If you put an area rug on your stone floor in front of your door and pull the rug up to mop and clean , over time your floor under the rug will be the original colour and you will see a difference from the rest of your floor.Sealing could have prevented that in my instance.
    My granite floors matched my countertops, they probably would have taken a sealant but i didn’t seal because it was such a dense granite. (Still wondering why i didn’t try)
    I also have leathered Brazilian granite counter tops and i did try and seal them , it doesn’t hurt , I was brought up with the theory that if its natural, seal it, now years later most materials that have natural pitting and fishers now have a resin applied at the factory before polishing the granite to fill in the natural characters, so this could also be one of the reasons that sealants are not used as much.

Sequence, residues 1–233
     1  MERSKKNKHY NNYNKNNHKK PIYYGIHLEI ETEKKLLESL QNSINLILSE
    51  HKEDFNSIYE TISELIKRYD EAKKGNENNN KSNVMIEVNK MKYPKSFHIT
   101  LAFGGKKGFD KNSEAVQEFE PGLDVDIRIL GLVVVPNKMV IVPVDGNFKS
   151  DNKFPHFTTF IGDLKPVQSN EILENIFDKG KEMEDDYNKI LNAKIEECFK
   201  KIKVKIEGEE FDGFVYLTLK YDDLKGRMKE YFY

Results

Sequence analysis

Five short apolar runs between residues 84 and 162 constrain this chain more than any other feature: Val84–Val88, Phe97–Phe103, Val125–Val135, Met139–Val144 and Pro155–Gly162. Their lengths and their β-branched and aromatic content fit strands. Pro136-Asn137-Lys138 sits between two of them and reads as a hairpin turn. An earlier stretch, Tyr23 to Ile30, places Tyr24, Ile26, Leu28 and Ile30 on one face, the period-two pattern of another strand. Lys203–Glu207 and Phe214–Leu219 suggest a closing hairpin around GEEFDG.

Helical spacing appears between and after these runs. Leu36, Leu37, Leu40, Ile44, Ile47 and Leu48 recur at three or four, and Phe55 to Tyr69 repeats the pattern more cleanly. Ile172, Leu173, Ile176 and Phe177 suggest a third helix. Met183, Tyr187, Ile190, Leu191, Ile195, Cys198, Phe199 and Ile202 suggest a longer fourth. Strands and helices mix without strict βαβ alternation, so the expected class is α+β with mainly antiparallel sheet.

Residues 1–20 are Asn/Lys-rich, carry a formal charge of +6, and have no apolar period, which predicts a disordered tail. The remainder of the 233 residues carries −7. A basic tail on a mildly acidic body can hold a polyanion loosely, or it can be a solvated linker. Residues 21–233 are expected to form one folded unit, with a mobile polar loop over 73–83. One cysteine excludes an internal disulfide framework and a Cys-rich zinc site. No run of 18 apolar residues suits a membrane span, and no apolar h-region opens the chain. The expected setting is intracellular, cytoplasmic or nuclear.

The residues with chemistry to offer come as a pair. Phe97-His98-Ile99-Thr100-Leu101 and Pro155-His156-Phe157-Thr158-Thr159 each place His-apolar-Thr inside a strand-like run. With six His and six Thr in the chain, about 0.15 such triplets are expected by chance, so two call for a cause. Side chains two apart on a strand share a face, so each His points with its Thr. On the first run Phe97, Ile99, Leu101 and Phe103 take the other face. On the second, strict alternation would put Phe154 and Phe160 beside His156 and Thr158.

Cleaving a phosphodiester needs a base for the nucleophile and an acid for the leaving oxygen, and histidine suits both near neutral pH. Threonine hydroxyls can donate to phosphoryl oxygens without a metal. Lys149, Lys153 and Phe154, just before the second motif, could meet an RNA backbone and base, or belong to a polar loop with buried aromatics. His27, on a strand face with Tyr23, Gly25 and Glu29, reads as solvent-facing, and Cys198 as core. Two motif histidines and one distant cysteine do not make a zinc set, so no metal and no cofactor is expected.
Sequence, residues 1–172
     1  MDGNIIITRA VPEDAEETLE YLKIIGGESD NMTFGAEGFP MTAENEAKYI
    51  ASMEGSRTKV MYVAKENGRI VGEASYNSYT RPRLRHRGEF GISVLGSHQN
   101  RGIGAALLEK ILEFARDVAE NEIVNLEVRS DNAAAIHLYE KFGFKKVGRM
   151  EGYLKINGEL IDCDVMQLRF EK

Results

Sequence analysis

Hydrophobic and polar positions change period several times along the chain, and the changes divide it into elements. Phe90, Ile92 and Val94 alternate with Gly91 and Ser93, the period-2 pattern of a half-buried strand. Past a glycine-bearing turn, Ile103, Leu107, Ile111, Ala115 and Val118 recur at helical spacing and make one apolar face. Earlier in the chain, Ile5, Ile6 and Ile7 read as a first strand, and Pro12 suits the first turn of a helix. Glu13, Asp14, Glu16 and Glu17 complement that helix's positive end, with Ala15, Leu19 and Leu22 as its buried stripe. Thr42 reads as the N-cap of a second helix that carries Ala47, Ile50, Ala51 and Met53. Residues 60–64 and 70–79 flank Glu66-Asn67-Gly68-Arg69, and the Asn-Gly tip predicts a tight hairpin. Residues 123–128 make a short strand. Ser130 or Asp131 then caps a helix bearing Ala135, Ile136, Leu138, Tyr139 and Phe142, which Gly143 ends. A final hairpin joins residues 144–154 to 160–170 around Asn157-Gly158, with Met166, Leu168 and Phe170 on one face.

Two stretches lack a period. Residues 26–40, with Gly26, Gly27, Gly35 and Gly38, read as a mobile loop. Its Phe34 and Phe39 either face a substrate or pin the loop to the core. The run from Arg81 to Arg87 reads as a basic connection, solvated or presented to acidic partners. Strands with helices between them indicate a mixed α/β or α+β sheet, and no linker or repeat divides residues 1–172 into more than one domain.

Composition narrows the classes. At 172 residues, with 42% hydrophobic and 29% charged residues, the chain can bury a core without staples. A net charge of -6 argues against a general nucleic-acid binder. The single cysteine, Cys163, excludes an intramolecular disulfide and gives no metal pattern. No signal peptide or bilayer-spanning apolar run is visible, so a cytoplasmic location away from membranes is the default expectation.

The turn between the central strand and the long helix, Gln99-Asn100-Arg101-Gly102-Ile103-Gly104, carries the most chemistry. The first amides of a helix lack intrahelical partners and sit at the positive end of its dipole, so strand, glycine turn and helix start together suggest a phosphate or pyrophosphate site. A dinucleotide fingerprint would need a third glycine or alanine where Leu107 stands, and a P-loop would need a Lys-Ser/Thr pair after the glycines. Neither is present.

Sealants have come so far in how easy they can be applied. If you do decide to seal, make sure you get the right sealant and seal a sample if your not comfortable putting it right on the counters or floors, go to a stone shop not a big box shop. run a piece of tape on the sealed side so you can see if there is any difference, then do the water test again,do a lemon test and a wine test.
    Make sure the counters are spotless before you seal.
    Make sure you get the proper finish , if your leathered I would suggest a matt finish vs a polished. It only take 5 -8 minutes to wipe on and wipe off, if you can find lambs wool, use this to apply it , it doesn’t shed like a cotton cloth.
  • Dyan Weis
    Original Author
    2 years ago